Every spring, bird enthusiasts all over the United States await the arrival of migratory hummingbirds. Most hummingbirds spend winters in Central America before winging their way north for warmer months. Because southern U.S. states are typically the first to see hummingbirds each year, the ideal time to put out your hummingbird feeders depends on where you live.
Clean hummingbird feeders about once each month to prevent mold growth and to keep the nectar from spoiling.
Eastern Hummingbird Migration
Precise timing for putting out hummingbird feeders in the eastern United States varies by year. Typically, though, hang the feeders two weeks ahead of hummingbirds' migration north in anticipation of their arrival. The ruby-throated hummingbird is generally the only hummingbird species that appears in the eastern states, though sightings of other species are occasionally reported. Ruby-throated hummingbirds' annual migration is widespread from the Eastern Seaboard to the Great Plains. The earliest sightings take place as early as late February along the Gulf of Mexico, but they don't appear in great numbers until March.
By the end of March, ruby-throated hummingbirds make their way north into states such as North Carolina, Tennessee and Arkansas, continuing through April into Virginia, Maryland, West Virginia, Ohio and Illinois. Hummingbirds often do not appear in New England, the parts of Midwest or Canada until May. The Annenberg Foundation publishes an online map every year that tracks sightings of hummingbirds as they travel northward across the United States.
Hummingbirds Out West
The western states are home to a much more diverse assortment of hummingbirds, including the rufous hummingbird, Anna's hummingbird, Allan's hummingbird, Costa's hummingbird, black-chinned hummingbird, Calliope hummingbird and broad-tailed hummingbird. The diversity of species in the West makes it more difficult to pinpoint the precise time to put out hummingbird feeders.
Migratory hummingbirds often appear along the Mexican Border and California coast at the beginning of March and gradually make their way northward and farther inland. Late-March sightings are common throughout the Rocky Mountains and Pacific Northwest, and hummingbirds appear in the northern Plains by April. As in the East, putting out hummingbird feeders two weeks ahead of the birds' expected arrival will ensure that their food will be ready when they get there.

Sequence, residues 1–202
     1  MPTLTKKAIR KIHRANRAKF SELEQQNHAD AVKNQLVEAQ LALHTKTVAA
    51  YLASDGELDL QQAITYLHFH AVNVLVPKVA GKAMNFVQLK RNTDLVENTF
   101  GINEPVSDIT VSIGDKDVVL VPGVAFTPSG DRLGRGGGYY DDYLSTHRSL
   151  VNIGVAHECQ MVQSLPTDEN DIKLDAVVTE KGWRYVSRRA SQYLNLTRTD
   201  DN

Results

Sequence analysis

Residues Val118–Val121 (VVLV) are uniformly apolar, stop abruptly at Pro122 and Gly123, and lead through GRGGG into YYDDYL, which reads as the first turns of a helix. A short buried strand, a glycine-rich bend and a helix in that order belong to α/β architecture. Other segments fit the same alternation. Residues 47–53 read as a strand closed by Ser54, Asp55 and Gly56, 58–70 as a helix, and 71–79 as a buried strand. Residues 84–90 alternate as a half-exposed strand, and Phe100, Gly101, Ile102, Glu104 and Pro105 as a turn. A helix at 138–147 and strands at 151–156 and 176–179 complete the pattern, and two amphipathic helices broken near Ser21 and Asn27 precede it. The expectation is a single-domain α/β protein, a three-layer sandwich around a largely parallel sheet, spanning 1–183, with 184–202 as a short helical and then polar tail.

Most hummingbirds head south and leave the United States in autumn, but a few of the warmest regions harbor year-round populations. According to the Cornell Lab of Ornithology's website All About Birds, a few ruby-throated hummingbirds linger along the Gulf Coast and parts of Florida through winter. A handful of hummingbird species, including Anna's hummingbird, stay in the desert Southwest and along the Pacific Coast. If you live in these areas, then hummingbirds may be at your feeders year-round.
Removal Time for Feeders
The time of year migratory hummingbirds return south is just as variable as when they head north. At the northernmost end of their range, some hummingbirds start making their way south as early as July or August. Early fall is often the time when hummingbirds are most commonly seen in the eastern states because that is when they head south in vast numbers. Most hummingbirds leave the United States by October or November. As a general rule, take down hummingbird feeders once you've gone two weeks without seeing a hummingbird at them.
Common myth holds that leaving feeders out late will delay hummingbird migration, but as the Audubon California website points out, hummingbirds head south based on instinct, weather patterns and the availability of insects -- their main food source. Leaving hummingbird feeders out late in the season does not have any harmful effect on the birds' migration patterns.